Wells Fargo and its iconic stagecoach are pulling into town for good, just as another old hand of the Charleston banking industry fades into the sunset.

The financial giant's name and colors will be unveiled at Wachovia's 148 branches and 261 automated teller machines throughout South Carolina after the close of business today, capping a lengthy transition that began near the height of the 2008 global financial crisis.

The roughly 50 Wachovia walk-in offices in the state that offer weekend hours will become Wells Fargo "stores" on Saturday morning, said Rick Redden, president of the lender's South Carolina operations.

The rest will open under the new name Monday.

Wachovia has about 25 branches in the Charleston area.

"We're a thousand days-plus into this and were excited to be here," Redden said Thursday. "This is a big weekend for us."

The changeover is notable because of the large number of consumers and businesses Wachovia counts as clients. The company is considered the largest financial institution in South Carolina based on its $11.6 billion share of deposits, including more than $2.4 billion in the Charleston region.

It also is a sizable employer, with 6,025 workers around the Palmetto State, where it has been a marquee player in the banking business for most of the past 20 years.

The weekend changeover will not directly affect most customers, who can continue using their Wachovia-issued debit cards, credit cards and checks, officials said. One exception: Information for online accounts will have to be updated as of Saturday.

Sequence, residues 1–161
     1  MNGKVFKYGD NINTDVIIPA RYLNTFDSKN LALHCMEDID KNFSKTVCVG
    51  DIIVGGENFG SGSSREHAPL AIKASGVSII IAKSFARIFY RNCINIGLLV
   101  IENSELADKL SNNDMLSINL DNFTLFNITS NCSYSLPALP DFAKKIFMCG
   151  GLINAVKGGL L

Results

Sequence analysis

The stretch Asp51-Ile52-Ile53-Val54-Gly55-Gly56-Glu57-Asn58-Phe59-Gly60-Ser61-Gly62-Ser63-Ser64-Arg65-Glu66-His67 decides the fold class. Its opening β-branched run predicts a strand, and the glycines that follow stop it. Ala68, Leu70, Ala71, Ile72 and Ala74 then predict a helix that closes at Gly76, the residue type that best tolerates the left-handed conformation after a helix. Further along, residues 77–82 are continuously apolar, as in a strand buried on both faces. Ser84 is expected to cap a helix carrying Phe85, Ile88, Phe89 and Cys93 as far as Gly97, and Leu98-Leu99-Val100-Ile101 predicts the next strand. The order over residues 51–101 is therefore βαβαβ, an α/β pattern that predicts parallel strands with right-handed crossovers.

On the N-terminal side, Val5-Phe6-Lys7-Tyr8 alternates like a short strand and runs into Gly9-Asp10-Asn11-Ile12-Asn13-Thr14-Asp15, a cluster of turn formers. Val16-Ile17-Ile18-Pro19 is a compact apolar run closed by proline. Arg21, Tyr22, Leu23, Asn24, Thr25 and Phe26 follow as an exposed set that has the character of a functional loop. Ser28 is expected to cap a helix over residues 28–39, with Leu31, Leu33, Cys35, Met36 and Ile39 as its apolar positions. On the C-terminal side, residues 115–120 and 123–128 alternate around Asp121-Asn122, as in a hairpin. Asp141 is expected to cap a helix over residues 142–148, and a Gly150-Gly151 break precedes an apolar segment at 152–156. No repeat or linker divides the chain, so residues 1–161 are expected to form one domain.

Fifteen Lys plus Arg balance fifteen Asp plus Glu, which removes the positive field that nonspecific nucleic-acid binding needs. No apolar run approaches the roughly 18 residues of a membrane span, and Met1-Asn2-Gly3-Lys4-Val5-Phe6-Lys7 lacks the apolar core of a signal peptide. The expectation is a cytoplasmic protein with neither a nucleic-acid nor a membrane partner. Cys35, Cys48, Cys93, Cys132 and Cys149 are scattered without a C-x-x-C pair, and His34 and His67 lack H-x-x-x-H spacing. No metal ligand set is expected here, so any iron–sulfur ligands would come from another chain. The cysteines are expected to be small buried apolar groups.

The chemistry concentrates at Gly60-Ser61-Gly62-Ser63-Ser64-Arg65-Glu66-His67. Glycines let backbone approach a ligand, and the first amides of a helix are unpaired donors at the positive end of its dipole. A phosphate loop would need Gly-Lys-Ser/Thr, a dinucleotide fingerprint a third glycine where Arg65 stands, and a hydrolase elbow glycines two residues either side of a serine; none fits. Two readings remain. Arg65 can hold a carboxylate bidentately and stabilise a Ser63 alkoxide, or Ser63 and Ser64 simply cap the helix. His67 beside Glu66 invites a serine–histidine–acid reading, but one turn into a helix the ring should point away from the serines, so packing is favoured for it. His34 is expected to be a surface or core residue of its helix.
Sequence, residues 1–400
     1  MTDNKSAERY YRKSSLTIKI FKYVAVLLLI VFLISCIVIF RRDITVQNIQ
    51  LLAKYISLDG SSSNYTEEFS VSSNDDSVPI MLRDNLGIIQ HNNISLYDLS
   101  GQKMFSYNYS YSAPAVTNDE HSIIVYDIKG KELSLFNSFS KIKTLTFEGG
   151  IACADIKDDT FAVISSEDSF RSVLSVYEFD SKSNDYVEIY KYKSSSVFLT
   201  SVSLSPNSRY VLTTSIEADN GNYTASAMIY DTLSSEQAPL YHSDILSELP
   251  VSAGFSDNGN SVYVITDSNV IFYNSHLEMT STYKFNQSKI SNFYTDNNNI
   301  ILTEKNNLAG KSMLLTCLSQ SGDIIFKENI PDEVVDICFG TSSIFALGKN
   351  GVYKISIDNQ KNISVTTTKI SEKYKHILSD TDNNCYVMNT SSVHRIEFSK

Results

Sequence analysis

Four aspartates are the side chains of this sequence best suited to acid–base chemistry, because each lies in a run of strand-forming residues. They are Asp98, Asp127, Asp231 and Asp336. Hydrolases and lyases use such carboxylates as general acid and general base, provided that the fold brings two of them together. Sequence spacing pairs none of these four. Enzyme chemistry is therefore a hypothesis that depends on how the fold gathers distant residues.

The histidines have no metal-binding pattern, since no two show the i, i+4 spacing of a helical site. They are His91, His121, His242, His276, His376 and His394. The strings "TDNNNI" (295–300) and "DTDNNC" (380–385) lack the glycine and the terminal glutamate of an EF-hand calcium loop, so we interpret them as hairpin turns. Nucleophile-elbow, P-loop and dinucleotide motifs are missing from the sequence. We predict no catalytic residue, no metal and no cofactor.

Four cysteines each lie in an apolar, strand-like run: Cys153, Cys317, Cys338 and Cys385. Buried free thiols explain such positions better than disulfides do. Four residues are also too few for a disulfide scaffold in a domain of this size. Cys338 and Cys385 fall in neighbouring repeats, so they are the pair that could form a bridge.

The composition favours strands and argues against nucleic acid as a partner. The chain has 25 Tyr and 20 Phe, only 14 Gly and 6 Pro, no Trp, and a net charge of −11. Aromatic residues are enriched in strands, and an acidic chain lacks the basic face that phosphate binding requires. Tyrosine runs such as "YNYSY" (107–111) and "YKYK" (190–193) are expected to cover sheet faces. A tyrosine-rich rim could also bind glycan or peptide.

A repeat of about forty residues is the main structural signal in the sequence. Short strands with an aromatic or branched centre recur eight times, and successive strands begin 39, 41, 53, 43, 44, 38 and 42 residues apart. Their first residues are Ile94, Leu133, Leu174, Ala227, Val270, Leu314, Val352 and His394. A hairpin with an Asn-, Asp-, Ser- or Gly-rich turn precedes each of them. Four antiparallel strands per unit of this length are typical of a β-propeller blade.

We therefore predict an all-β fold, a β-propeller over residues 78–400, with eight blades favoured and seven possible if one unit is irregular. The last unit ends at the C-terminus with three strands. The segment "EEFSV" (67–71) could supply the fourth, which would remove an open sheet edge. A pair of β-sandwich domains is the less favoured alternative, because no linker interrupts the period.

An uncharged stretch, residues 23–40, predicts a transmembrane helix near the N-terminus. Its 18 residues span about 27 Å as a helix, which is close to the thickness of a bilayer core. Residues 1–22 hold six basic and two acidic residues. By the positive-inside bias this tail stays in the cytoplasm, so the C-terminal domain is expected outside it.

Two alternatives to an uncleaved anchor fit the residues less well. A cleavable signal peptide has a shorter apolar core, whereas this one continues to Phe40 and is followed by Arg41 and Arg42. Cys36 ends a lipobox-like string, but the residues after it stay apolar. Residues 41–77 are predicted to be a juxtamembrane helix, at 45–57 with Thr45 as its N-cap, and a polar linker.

At a Wachovia ATM on Maybank Highway, Michelle Johnson of James Island said her bank's long-awaited change to the Wells Fargo brand "doesn't bother me as long as they don't mess with my money."

"They sent this packet," Johnson added. "Guess what I haven't done? Read the packet."

Redden said the switch from Wachovia to Wells Fargo unfolded at a deliberately slow pace. The retail bank operations were the final piece of the plan.

Drawing from its eight previous Wachovia changeovers, San Francisco-based Wells Fargo has ironed out most of the kinks, Redden said. South Carolina is the ninth state to make the switch. Wachovia's former home base of North Carolina will be the 10th and last.

"The trade-off in having a three-year process to get here has been that all the behind-the-scenes stuff has gotten tucked into place so that the customer gets a positive experience," Redden said.

Crippled by mortgage missteps, a badly wounded Wachovia was snapped up by the bigger and much stronger Well Fargo near the height of the financial crisis in late 2008. It was the largest bank merger in U.S. history,

Redden, a career Wachovia banker, acknowledged it "was a tough couple of years before this acquisition."

"A brand we were very proud of and had grown up under certainly took a lot of negative press and had made decisions that didn't work out.," he said.

Now, Redden is "glad to carry a Wells Fargo business card."

"My whole career I've only had Wachovia on my business card, and lot of our team members are that same way. But here's the thing: The philosophy that guided Wachovia is extremely similar to the Wells Fargo culture."

Unlike some mergers, the Wachovia-Wells Fargo marriage resulted in more than 500 jobs being added across the state over the couple of years. Employee and management turnover has been minimal.

Also, bankers have access to a greater selection of services and financial products, said Len Hutchison III, president of the Wells Fargo's Charleston area operations. He said the decentralized "community bank" business model enables executives to make most major decisions, from loans to philanthropy budgets, at the local level.

"There is very little we have to go out of the market for," Hutchison said.

Warren Wise contributed to this report. Reach John McDermott at 937-5572.